The REIT is about 50 per cent through its goal to sell $1-billion in assets to improve its balance sheet and is optimistic it can achieve that target by year-end, he says.

Its units have rebounded from below $13 per unit to $15 per unit, but “we think there is definitely more upside,” he says. It trades below its net asset value, estimated to be $19 to $20 per unit, he notes.

High interest rates and an economic slowdown are risks, but a hard-landing scenario seems unlikely, he adds.

The pick: Ventas Inc. VTR-N

This U.S. health care REIT has been hurt by high interest rates and operational issues but will benefit from growing demand from aging baby boomers for seniors’ lodging, Mr. Goldman says.

Chicago-based Ventas gets 68 per cent of its net operating income from seniors’ housing and the rest from medical-office and out-patient facilities.

It uses third-party operators for its housing portfolio. Some are structured as triple net leases – in which the tenant pays all expenses – or Ventas pays a management fee to the operator and participates on the upside. Occupancy rates in the seniors’ housing fell during the COVID-19 pandemic but are rebounding, he says.

Using a price to funds from operations multiple, Ventas trades at a deep discount to main rival Welltower Inc. WELL-N, but that should narrow as Ventas improves its balance sheet and housing portfolio, he adds. High interest rates and missteps by housing operators are risks.

Dennis Mitchell, chief executive officer and chief investment officer, Starlight Capital Inc in Toronto

The fund: Starlight Global Real Estate Fund

The pick: RioCan Real Estate Investment Trust REI-UN-T

RioCan, a developer of retail-focused and increasingly mixed-use properties, will see its profit ramp up as projects near completion, Mr. Mitchell says.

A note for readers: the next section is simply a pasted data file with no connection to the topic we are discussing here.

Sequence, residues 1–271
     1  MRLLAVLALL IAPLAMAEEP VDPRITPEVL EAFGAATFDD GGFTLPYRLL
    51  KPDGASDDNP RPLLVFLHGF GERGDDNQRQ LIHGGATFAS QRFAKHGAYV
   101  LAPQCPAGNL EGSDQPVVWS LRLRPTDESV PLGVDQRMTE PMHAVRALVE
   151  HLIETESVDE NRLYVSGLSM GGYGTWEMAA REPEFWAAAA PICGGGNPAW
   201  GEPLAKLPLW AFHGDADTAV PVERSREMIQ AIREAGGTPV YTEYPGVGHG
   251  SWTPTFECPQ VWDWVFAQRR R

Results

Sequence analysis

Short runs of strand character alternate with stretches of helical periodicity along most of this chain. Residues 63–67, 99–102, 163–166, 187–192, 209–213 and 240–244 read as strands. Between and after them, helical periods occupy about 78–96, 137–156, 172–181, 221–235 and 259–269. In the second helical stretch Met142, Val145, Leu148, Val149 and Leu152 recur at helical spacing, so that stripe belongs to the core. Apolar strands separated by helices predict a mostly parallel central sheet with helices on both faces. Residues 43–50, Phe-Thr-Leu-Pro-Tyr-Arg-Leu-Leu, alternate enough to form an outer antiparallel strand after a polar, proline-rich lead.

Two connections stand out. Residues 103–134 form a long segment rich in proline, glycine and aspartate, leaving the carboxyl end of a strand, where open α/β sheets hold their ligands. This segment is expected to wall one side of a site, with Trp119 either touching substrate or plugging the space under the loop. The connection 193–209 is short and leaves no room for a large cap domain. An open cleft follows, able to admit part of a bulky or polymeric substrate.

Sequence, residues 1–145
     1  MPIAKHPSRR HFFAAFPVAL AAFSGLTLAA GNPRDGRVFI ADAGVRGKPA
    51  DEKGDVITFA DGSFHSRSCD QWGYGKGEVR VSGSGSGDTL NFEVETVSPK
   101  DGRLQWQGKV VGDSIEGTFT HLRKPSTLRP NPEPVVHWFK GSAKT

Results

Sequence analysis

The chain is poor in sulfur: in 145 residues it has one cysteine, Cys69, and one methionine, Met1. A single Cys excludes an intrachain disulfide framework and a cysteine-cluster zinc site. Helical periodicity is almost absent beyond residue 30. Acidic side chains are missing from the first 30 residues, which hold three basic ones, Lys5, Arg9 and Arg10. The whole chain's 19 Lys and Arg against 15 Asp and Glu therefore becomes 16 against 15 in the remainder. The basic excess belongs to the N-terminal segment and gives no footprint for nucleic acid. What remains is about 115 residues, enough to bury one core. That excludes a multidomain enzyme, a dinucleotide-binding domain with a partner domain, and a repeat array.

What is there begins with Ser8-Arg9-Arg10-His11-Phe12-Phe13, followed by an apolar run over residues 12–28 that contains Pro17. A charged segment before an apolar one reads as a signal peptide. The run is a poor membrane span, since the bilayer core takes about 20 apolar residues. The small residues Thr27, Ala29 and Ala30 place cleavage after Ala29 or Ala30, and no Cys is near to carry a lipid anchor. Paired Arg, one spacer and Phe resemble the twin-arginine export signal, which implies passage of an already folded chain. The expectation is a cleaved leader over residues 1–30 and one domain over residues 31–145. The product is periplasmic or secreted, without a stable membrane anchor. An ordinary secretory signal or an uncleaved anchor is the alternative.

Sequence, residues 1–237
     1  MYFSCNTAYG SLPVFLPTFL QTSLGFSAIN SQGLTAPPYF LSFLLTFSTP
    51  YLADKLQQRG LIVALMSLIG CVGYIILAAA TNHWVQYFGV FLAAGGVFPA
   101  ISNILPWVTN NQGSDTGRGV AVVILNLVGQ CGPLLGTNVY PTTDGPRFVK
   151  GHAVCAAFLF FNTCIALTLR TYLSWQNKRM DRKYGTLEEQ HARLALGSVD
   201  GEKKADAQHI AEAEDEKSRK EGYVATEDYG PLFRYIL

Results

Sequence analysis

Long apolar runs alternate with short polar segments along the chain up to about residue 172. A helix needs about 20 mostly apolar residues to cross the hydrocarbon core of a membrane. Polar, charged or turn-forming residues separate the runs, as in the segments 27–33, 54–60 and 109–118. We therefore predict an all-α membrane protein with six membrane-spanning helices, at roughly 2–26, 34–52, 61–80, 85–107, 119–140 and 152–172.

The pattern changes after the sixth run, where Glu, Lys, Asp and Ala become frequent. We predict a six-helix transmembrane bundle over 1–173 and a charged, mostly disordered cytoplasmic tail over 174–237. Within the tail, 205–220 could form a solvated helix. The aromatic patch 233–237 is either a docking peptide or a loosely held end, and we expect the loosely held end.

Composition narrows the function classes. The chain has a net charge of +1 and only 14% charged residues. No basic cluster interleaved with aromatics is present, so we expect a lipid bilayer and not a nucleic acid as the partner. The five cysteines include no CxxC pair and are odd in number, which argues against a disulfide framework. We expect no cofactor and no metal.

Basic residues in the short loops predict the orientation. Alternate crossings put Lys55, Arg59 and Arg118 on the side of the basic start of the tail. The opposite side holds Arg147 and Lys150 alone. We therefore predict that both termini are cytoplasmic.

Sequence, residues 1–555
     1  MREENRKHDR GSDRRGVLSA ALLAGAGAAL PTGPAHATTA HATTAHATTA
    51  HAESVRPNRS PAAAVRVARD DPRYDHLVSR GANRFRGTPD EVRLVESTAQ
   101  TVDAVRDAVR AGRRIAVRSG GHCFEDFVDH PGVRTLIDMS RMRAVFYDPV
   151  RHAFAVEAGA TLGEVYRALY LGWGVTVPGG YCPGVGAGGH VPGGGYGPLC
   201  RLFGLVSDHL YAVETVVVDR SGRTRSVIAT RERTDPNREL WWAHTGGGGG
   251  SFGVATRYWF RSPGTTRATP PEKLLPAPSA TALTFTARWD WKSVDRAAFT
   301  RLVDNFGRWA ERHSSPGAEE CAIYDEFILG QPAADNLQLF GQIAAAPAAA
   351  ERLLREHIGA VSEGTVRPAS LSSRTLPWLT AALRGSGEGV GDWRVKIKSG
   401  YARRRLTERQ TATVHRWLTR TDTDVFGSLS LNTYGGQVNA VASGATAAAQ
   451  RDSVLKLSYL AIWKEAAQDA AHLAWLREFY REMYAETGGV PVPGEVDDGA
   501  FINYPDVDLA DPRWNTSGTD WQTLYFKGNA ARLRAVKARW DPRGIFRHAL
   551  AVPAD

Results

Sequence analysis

The Toronto-based REIT, which is a partner in The Well retail-and-condo project in downtown Toronto, will see positive cash flow from the retail space that is 93-per-cent leased, he says.

The REIT has been hurt by rising interest rates, while the growth of e-commerce has reduced demand for physical retail space, he notes.

However, RioCan has diversified into building condos as well, and “we think it will continue to generate positive growth this year of 2 to 3 per cent,” he adds.

The REIT, which yields close to 6 per cent, trades a huge discount to its net asset value estimated at $25.50 per unit, he notes. Continued high interest rates would be a risk to RioCan.

This large-cap REIT should attract generalist investors, such as dividend fund managers, who want exposure to this space, he says.

The pick: Dream Industrial REIT DIR-UN-T

This industrial REIT, which has been hurt by rising interest rates and other headwinds, is poised to recover nicely amid a growing e-commerce trend, Mr. Mitchell says.

Toronto-based Dream Industrial REIT has most of its assets in Canada, but also has properties in Europe and the U.S.

“We think [Dream] will continue to benefit from net operating income growth of 8 to 10 per cent annually, compared with a long-term sector average of about 3 per cent,” he says.

The REIT has struggled partly due to a “perceived risk” from exposure to the weaker European economy, and a joint-venture acquisition made at a material premium to the stock price, he adds.

Dream, which trades below its net asset value, estimated at $17 per unit, and has about a 5-per- cent yield, should attract dividend-fund investors wanting exposure to the sector, he says.

The main risks to this REIT, Mr. Mitchell says, are high interest rates and any weakness in the European or U.S. economies.

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Tickers mentioned in this story

Study and track financial data on any traded entity: click to open the full quote page. Data updated as of 23/05/24 10:57am EDT.

SymbolName% changeLast
Dream Industrial REIT
Riocan Real Est Un
Welltower Inc
Ventas Inc
First Capital REIT Units
CI Global REIT Private Pool ETF
CI Canadian REIT ETF
Minto Apartment REIT
Granite Real Estate Investment Trust
Middlefield Real Estate Dividend ETF